Coder’s Block

I have tried before to write about what makes programming hard. I’m not really happy with that post or the followup. I still believe that Complexity in all forms is the biggest problem thought its not the only one. Sometimes designing an algorithm can be really challenging even for something which feels pretty simple. Same goes for things like performance optimization. It can be pretty difficult to properly analyze a system to determine what parts are slowing it down even if the system (or at least the part of if you have any control over) is pretty small.

But even beyond all that, much of the time it seems that the really hard thing about building Software isn’t writing the code, it’s deciding what code to write.  Its one reason we see so many projects which amount to “X now written in Y”. The objective and scope are clear and easily understood. Lets fire up vim and have at it!

Currently I’m building a large software product, hoping to turn it into money in the future. I don’t have specific tasks or deadlines besides the ones I set for myself and I sometimes fall victim to Coder’s block. Writer’s block isn’t an inability to type – it is a failure to be able to decide what to type next. Coder’s Block is similar.  When I am stuck (aka. hitting Command-R on news.ycombinator.com) it is rarely because I am faced with something I don’t know how to do. It is way more likely that I just can’t decide which of three different methods I could use to do it.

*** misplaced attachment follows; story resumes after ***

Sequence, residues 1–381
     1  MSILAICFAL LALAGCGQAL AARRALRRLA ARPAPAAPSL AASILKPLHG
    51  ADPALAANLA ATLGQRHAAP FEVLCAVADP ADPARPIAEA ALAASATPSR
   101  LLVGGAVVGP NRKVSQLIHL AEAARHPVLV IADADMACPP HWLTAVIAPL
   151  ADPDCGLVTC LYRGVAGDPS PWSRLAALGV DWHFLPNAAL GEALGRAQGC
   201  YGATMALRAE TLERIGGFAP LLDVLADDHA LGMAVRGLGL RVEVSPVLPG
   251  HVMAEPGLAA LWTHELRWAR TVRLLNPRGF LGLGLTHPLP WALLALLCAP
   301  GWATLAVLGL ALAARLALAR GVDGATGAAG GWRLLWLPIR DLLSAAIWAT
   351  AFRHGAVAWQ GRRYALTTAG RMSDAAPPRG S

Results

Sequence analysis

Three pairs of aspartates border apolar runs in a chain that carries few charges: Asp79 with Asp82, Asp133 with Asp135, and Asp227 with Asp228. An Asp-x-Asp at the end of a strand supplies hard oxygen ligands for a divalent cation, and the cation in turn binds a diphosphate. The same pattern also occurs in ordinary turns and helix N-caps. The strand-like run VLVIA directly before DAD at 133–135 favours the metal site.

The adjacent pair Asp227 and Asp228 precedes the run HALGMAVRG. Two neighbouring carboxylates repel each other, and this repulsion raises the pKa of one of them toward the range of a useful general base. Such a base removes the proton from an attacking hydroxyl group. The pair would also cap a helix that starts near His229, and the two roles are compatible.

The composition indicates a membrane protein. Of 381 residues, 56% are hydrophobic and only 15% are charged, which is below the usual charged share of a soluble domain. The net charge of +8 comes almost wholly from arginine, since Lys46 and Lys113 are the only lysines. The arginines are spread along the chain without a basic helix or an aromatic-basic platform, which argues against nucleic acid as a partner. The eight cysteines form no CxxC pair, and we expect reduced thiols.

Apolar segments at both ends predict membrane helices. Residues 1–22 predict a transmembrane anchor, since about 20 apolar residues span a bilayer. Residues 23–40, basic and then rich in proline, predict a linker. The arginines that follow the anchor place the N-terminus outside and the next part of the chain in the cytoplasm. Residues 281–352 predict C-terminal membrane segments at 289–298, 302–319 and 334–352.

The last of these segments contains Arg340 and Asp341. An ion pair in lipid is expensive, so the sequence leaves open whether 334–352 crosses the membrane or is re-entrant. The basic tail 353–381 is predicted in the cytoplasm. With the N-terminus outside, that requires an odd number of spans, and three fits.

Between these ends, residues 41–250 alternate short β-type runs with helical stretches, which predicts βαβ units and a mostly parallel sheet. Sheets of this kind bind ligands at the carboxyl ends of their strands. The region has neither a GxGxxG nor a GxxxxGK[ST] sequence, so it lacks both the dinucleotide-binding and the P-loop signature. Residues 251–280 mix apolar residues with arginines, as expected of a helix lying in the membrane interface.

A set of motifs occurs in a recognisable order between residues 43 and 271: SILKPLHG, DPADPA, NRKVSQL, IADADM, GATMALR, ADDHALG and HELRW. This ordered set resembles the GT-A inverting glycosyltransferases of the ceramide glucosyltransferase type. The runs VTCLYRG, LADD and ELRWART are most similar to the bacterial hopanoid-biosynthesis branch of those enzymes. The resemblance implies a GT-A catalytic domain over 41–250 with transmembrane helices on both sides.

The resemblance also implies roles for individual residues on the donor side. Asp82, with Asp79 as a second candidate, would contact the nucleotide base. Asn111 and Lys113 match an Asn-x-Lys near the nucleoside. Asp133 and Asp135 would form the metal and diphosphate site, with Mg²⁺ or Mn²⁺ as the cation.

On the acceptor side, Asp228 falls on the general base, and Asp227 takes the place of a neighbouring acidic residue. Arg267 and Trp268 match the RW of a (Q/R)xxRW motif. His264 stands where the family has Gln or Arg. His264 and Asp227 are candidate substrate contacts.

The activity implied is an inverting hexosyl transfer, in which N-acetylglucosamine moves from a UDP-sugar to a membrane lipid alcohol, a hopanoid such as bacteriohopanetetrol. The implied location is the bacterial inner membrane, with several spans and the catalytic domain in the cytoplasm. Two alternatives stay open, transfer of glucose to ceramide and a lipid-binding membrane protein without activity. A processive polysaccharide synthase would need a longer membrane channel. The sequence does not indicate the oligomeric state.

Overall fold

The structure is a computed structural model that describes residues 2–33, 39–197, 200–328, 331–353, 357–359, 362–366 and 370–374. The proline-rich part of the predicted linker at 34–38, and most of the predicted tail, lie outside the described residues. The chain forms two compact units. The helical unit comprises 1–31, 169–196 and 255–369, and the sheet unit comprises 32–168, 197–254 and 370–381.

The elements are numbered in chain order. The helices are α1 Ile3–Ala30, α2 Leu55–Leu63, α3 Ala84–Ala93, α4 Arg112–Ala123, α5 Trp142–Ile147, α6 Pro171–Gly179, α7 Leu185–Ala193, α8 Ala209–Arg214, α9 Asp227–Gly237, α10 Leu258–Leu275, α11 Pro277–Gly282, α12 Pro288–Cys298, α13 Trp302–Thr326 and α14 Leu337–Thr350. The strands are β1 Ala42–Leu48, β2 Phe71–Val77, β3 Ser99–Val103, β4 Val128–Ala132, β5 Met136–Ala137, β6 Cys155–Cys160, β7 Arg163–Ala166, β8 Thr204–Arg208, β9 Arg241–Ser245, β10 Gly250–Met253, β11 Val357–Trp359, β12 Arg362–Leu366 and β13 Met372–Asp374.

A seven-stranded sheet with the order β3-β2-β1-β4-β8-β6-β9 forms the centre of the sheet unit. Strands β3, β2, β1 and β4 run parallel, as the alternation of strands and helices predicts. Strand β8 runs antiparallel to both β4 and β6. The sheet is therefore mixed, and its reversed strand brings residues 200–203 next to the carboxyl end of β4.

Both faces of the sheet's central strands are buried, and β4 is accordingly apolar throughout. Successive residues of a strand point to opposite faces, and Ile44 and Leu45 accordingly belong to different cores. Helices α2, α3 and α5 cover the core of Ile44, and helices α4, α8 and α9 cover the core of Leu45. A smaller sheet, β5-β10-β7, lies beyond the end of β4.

One way I deal with this is I try to keep two different Todo lists. One is the hard decisions I still have to make about how the software should work (Ex. what is the best representation for a huge list of genomic variants). The other is just a list of things I can knock out whenever I am stuck on the first list (Ex. Fix the report CSS styles so they don’t look like crap).  When I was a manager, I tried to encourage this habit among the coders who worked for me, but It mostly came out like I was trying to make them double up on work. Um sorry.

Another technique is to just code your way out of it. This works pretty well for small to medium size blockages. The other day I was stuck trying to decide what kind of reporting system I wanted to build. I wasn’t getting anywhere in my head so I just starting using python to think with.  I think I have written it about 3 different ways in the past week but now I am pretty happy with the result.  It certainly is easier to play around with options and keep transforming your code using new technologies than It was trying to do this with a C++ app using Boost and other crap.

Sometimes it is hard to get up the desire to use either approach. That’s when it’s time to step away from the keyboard and go for a bike ride.  Sure you could sit there and refresh hacker news, but it will be there when you get back.

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